Judgment date: 24 August 2010. QBE Insurance (Australia)
Limited v Peter Cowan  NSWSC 933. Supreme Court of New
A claims assessor is entitled to consider the medical
assessment certificate, among other things, in assessing a
claimant's loss of earning capacity.
A claims assessor may use a percentage reduction to reflect
pre-existing medical conditions which impact upon earning
An award for future economic loss by way of buffer is permitted
and avoids the need to apply s 126(2) of the Motor Accidents
Compensation Act 1999 (the Act).
The Supreme Court handed down its decision in QBE Insurance
(Australia) Limited v Peter Cowan  NSWSC 933 on 24
The claimant was injured in a motor vehicle accident on 3
January 2006. He also had suffered injuries to his back and hand
which predated the subject accident and he was not working at the
time of the accident. The claimant was assessed below the threshold
for whole person impairment by the Medical Assessment Service. His
claim was referred to a claims assessor for assessment. Ultimately
an award of damages was made in the sum of $228,318. The insurer
filed a summons in the Supreme Court seeking that the
assessor's determination be quashed.
Firstly, the insurer submitted that the assessor failed to
determine whether the claimant had suffered a diminution in earning
capacity and instead adopted the finding of permanent impairment of
the medical assessment certificate as conclusive on that point. The
Court considered that it was evident from the assessor's
reasons that he had regard not only to the medical assessment
certificate, but also to the video evidence, various medical
reports and the claimant's own evidence in this regard.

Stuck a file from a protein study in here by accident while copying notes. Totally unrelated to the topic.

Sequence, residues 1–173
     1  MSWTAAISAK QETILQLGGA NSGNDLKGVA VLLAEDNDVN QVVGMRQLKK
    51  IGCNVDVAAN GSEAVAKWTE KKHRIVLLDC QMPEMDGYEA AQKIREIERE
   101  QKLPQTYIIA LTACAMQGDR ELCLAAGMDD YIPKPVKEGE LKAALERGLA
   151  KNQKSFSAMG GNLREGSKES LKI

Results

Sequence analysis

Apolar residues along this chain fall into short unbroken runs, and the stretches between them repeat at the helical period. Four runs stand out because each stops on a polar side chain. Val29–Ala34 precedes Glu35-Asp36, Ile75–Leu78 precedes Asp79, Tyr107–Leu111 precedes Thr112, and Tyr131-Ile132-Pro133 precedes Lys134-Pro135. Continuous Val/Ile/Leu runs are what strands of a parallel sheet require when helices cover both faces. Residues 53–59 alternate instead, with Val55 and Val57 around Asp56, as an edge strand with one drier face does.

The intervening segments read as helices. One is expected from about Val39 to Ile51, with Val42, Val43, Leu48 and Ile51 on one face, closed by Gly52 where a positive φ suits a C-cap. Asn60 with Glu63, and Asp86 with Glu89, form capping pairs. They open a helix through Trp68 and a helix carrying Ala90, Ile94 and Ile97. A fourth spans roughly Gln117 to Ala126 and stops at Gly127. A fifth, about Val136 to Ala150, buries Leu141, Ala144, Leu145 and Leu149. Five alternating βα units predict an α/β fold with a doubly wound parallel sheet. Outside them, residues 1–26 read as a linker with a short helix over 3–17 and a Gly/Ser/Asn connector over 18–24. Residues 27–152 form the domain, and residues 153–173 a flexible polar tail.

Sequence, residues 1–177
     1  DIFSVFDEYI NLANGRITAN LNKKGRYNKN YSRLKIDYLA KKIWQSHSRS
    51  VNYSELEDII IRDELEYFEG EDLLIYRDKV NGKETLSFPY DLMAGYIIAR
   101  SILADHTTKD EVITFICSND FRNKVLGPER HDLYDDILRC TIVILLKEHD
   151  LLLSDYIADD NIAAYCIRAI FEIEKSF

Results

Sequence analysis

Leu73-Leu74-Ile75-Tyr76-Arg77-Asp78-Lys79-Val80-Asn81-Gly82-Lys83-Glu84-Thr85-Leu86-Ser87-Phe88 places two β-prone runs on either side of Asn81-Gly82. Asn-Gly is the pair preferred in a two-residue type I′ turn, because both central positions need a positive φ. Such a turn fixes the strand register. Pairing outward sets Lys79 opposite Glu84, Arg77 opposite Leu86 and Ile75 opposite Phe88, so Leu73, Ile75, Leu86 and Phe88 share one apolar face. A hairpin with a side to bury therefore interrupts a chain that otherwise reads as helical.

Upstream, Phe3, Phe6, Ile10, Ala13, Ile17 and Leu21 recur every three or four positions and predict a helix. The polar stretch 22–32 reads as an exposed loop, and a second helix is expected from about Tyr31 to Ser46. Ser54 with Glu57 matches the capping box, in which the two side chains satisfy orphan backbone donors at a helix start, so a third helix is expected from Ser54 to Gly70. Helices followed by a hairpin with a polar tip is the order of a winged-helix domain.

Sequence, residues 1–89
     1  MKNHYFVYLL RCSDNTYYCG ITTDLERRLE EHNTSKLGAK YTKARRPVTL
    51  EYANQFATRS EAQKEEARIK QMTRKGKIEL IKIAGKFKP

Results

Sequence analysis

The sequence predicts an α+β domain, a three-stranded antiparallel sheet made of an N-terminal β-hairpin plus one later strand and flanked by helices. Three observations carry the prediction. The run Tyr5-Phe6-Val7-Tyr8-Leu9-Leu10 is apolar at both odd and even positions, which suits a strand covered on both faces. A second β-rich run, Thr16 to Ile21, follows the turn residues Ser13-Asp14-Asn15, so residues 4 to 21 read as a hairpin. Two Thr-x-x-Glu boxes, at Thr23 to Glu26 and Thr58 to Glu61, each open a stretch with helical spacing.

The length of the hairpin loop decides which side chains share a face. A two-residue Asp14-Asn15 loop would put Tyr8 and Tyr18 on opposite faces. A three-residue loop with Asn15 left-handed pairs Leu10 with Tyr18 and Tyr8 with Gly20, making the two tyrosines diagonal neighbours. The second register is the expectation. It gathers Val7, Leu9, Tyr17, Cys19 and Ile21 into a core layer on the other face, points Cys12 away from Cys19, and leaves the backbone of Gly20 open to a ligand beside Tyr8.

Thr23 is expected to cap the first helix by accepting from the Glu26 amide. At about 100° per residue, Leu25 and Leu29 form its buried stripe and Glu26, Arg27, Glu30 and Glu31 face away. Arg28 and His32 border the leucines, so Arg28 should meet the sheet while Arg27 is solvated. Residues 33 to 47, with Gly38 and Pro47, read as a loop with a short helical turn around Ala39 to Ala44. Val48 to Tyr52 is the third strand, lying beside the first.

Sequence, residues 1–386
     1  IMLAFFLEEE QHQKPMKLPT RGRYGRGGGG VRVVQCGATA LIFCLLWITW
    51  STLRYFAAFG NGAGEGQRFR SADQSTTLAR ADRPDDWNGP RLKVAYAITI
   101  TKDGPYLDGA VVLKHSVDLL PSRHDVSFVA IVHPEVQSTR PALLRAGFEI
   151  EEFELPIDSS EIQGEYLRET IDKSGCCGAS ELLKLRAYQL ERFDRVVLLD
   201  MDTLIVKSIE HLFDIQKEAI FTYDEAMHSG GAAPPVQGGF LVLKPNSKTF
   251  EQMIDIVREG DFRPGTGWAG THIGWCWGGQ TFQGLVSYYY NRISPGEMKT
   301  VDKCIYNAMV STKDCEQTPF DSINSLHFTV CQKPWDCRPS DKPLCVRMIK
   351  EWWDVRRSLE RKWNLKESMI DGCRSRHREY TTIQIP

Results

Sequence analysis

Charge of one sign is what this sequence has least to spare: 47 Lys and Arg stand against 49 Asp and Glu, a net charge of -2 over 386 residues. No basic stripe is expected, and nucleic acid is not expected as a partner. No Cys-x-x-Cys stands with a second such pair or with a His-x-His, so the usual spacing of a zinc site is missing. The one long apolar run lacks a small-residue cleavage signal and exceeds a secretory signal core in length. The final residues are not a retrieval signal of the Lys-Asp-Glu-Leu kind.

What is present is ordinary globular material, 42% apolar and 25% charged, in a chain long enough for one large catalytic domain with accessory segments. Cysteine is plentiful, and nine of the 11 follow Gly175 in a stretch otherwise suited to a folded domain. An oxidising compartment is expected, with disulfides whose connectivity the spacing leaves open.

Furthermore, the Court held it was open to the assessor to have
regard to matters contained in the medical assessment certificate
in assessing loss of earning capacity.
Secondly, the insurer submitted the assessor failed to assess
the claimant's residual earning capacity having regard to his
pre-existing back and hand injuries. The assessor calculated that
the claimant would have earned $600 per week from his employment
had he not been injured in the subject accident and reduced this by
45% to account for the claimant's pre-existing conditions. The
Court relied on the judgment of Heydon JA in State of New South
Wales v Moss2 in holding that an assessor can
assess the financial effects of an injury on a claimant, without
specific reference to what other people with the same kind of
disability can earn, using a percentage basis or any other
Thirdly, the insurer submitted that the assessor failed to
determine whether there was a causal link between the loss of
earning capacity and any actual financial loss in that the claimant
had performed some work following the accident for a greater income
than his pre-accident earnings. The Court rejected this submission
on the basis of the claimant's evidence that the work was
performed for only one day and there was no expectation that the
work would have continued.
Fourthly, the insurer submitted the assessor failed to apply s
126 of the Act in the calculation of economic loss where the
assessor awarded damages for future economic loss by way of buffer.
The Court adopted the reasoning used in Penrith City Council v
Parks3, regarding similar provisions in the
Civil Liability Act 2003, that the use of a buffer was
permissible when awarding future economic loss and avoided the need
for compliance with s 126(2).
Finally, the insurer submitted the assessor failed to give
sufficient details in relation to his findings with regard to the
claimant's credibility and the award of future economic loss.
The Court rejected this submission noting multiple references to
the claimant's credibility and brief but adequate reasons
supporting the assessment of future economic loss within the
The insurer's summons was therefore dismissed.
This case confirms the difficulty in demonstrating
administrative law errors in the manner a claims assessor considers
the evidence presented by the parties and forms conclusions. Unlike
merits review of a decision of a District Court Judge, a decision
of a CARS Assessor will only be set aside if jurisdictional error
is demonstrated. The grounds for such review are very narrow. It
also demonstrates the various alternate methods an assessor may
employ to allow for pre-existing injuries which impact upon a
claimant's future earnings capacity. Consideration should be
given to applying these methods in submissions to claims
1. Hislop J
2.  NSWCA 133
3.  NSWCA 201
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